Outline of Research:
This research project aims to clarify a relationship between the universal Socialist ideal and the local context of society with regard to the process of the formulation and implementation of gender policies in Vietnam in the Cold War. By analyzing the official gazette from 1945 to late 1980s, it will try to answer the question of how the Vietnamese government formulated a Socialistic policy on gender equality and women’s social participation by paying attention to the Vietnamese “traditional” values and norms around family and gender roles.
The purpose of this research project is to describe the process of formulation and implementation of gender policy as the localization of the universal socialistic ideal during the period of Socialist construction in Vietnam.
Due to a lack of a male labor force during the period covering the “Vietnam war,” women in Vietnam were required to move out of a traditional narrow family space to society and substitute men, albeit for a short period of time. The author argues that the Vietnamese government built and implemented policies to alter women from members of private and intimate sphere and to make them main actors who should support and establish a public sphere in the brand new Vietnamese nation-state.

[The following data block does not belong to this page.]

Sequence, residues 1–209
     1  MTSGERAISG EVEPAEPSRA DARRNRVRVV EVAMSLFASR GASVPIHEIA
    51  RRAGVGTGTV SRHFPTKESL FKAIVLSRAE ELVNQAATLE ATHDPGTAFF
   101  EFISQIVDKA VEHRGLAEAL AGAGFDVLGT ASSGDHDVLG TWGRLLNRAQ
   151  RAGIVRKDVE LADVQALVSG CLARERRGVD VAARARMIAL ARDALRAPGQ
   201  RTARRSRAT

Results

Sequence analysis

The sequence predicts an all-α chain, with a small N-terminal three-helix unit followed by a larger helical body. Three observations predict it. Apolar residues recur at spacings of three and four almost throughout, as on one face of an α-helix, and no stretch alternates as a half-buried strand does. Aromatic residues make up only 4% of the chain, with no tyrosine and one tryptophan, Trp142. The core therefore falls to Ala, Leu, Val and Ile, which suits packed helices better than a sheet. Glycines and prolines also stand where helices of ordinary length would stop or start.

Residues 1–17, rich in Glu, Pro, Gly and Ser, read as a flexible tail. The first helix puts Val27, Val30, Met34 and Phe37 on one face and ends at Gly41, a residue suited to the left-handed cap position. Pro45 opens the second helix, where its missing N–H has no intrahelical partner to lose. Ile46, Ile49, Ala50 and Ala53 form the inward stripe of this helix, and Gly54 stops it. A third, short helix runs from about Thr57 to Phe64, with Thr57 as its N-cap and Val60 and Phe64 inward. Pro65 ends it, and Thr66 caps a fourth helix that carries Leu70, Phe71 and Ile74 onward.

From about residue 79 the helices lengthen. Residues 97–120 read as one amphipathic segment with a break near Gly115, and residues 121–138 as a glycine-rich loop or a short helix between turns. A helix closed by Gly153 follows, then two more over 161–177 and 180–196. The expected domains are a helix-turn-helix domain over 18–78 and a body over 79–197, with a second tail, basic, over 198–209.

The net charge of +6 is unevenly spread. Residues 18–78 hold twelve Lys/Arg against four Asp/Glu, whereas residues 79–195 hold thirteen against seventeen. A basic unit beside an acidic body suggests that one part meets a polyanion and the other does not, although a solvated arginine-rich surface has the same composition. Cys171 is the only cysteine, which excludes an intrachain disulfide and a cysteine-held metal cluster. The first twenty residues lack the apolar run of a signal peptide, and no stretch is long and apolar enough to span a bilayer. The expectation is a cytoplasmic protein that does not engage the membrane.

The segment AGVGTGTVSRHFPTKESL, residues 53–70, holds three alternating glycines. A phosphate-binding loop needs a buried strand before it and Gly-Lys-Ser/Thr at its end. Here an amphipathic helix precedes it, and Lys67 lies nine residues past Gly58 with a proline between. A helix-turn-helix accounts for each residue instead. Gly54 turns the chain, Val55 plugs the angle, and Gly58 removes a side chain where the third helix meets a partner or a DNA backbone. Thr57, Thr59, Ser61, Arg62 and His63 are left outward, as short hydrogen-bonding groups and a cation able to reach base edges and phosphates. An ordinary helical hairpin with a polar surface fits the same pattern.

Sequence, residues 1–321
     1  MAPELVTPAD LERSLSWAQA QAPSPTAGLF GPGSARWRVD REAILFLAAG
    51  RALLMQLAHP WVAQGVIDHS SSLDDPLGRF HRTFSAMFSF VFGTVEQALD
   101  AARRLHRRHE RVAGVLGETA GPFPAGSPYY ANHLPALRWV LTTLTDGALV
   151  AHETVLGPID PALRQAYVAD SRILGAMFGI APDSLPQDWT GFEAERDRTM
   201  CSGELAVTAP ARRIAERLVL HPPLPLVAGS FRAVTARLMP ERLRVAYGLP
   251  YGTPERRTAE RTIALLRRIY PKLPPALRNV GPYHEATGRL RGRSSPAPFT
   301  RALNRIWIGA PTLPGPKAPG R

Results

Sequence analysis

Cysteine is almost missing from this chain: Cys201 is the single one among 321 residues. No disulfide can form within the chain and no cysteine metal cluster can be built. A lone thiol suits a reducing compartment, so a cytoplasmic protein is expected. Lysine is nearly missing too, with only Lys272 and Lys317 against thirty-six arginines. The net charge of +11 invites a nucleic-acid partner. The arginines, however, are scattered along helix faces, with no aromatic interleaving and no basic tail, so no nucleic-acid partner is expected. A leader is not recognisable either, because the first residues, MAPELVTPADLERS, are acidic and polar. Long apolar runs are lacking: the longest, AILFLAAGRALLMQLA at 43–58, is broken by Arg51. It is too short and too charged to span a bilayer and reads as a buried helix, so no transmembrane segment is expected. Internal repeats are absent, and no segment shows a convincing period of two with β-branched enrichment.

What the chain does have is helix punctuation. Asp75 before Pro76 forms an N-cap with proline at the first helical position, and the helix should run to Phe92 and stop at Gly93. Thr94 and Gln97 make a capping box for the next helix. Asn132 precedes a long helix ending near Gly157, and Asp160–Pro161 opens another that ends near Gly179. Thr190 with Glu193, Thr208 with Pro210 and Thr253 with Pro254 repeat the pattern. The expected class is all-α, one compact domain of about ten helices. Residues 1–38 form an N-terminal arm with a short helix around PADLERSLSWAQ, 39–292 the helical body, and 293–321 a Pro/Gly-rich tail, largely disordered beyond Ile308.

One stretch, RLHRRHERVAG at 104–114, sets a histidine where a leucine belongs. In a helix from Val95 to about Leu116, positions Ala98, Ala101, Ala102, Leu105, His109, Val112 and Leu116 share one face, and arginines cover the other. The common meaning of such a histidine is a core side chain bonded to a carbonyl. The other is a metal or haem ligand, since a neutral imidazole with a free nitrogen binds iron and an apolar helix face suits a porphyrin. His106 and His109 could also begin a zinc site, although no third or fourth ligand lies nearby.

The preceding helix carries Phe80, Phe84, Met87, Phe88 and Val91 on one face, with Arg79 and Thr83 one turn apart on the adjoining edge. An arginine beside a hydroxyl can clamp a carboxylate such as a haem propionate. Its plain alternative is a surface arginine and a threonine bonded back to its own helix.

The significance of this study is that it will clarify some characters of compressed modernity in Vietnam from a viewpoint of a gender study. It will deliver some implications for male and/or leader centered angles of socialist studies and the importance of changes by focusing on the agency of Vietnamese women who lived out multi-layered social rules in local settings, yet were encouraged to play public roles.